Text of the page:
THE K I N G ’ S BUS I NES S
Yet in spite of William’s spiritual passion, his body soon began to rebel under the rough treatment of Bakara feeding, for, not being married, he was dependent, on the people for his meals. Although the Bakara raise the same raw produce as do the people on the mainland, their methods of cooking are so poor and so utterly filthy that even Africans who have known better food cannot long endure It. At the end of six rrionths, William’s health was gone and he was forced home for medical aid. Months of weary waiting were his lot, waiting for health, waiting on God for guidance; Sometimes h e nearly lost heart, but the fire which God had kindled within him died down to smouldering coals only to burst forth in powerful flame again, To live on the island as he did before would cost his health a second time and would defeat the purpose of his mission; so he devised another means to reach this needy tribe. Last Sep tember, he entered a Ukerewe Island school as head teacher, with the avowed purpose of spending his week ends evangelizing on Ukara, thus to hold the fort till other help can come. Not only have the Tanganyika mainland Christians reached out to Ukara Island with the gospel mes sage, but the past year also has seen the Akamba church in Kenya send out its first native-supported mission ary to another tribe. The Akamba might have chosen to help a friendly tribe. But instead they chose the hos tile Masai, their traditional enemies, who term the Akamba “those who stink,” frequently using the insulting epithet even to their faces. A Masai Stronghold Weakens The Masai are warlike nomads, feared and hated by other African tribes, confined to a great wasteland reserve by the British Government for their intractability. Their kraals are far from the abode of other men, hast ily thrown together and frequently moved as each clan journeys in search of better pasture for its enor mous herds. No Masai welcomes the appearance of one of his clan In European garb. The warriors are most often seen naked but for fa n tastic ornaments and a generous coat of brilliant orange clay—and always they carry spears. For years this tribe has resisted missionary effort. But during the past two years, the Masai have been re sponding to the gospel, and glorious spiritual victories are being achieved among them. Where, a few years ago, money given to train a Masai evan gelist lay idle for lack of a single volunteer, now young men are asking to go to Bible school. Warriors are coming to church. Missionaries are being stopped in the path by women who ask to hear the Word of God.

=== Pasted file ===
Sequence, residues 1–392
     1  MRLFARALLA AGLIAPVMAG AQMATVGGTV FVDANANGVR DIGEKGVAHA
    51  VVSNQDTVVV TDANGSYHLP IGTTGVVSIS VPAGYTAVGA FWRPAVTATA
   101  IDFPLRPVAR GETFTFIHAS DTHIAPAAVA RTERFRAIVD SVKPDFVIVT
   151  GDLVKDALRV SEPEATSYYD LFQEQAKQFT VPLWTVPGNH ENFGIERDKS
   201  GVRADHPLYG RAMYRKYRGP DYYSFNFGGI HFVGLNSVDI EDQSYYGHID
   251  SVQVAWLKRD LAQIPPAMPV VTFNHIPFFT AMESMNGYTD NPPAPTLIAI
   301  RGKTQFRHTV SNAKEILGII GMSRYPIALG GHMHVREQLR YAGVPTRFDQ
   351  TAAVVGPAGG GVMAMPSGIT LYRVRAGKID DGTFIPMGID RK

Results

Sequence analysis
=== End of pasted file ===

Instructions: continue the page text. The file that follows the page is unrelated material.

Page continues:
Victories and not for earthly ease. He moved among the people, sharing their tem poral life, while he preached to them the word of eternal life. So effective was his message, that within a few days, twenty-one B a k a r a h a d re nounced their fear-instilling supersti tions to serve the true and living God. With most of them, it was no light matter either, for their faith has s£ood the test-of time and persecution to the present day. Nevertheless, it was not long until the islanders began to hate William for the new teaching he had brought among them. The searching light of the living Word was too much for their sin-scarred lives. N o t h i n g daunted by the diminishing of visible results, the evangelist faithfully con tinued to deliver his heaven-born mes sage.
[ Continued from Page 125] There is a gift, however, which means more to the Saviour’s heart than any church of stone or bag of coin. It is the gift of a life that has no other passion than to do His will. From the time that African souls first found emancipation from their pagan fears and fetishes, there have been grateful volunteers to proclaim the gospel among their fellow tribesmen. But now, amid the conflict of the nations, the African mind is accepting the challenge of a widening horizon, seeing men of other races, pondering problems of the world. And the African church is thinking, too. She is catching anew the far vision of Christless tribes and giving of her sons to bear to them the mes sage of salvation. The Bible schools are being crowded out. This year has seen the Tanganyika training school doubled, while the Congo school has an enrollment three times its normal size. The past two years have brought a marked increase in the number of those who have gone forth to settle amid people of strange customs and to grapple with new tongues, even as the European missionary must do when he leaves his native land in the service of his Lord. It was during the first year of the war that William Baia, a Nsukuma of northern Tanganyika, first lifted up his eyes and saw a whitened harvest on the island of Ukara. Sadly disap pointed at seeing the Christian girl he had chosen 'for his bride given to a man who could pay a better dowry than he and then knowing that she had died in childbirth as the result of native medicine’s being forced upon her, William sset out alone for the island. A train journey of a hundred miles and several hours’ boat trip brought him to Ukerewe Island, the largest in Lake Victoria, where he had his last touch with established 1 mission work. From Ukerewe, he went by native canoe to Ukara Island, the place to which God had called him— a black missionary to black people of another tribe. Eighteen thousand persons strug gled for a living on the tiny island. The crowded hilly gardens and the huddled huts were a miserable con trast to the free pastures of his native plains: Windowless shelters of grass over a framework of poles housed people and food and cattle under one rOof — and the cattle seldom saw the light of day, so scarce was space in which to turn; them loose. The stench of these hovels was at times almost unbearable to the lad who had been trained in a mission hospi tal. But William was there for souls
One of a tribe to whom native African missionaries are taking the gospel.
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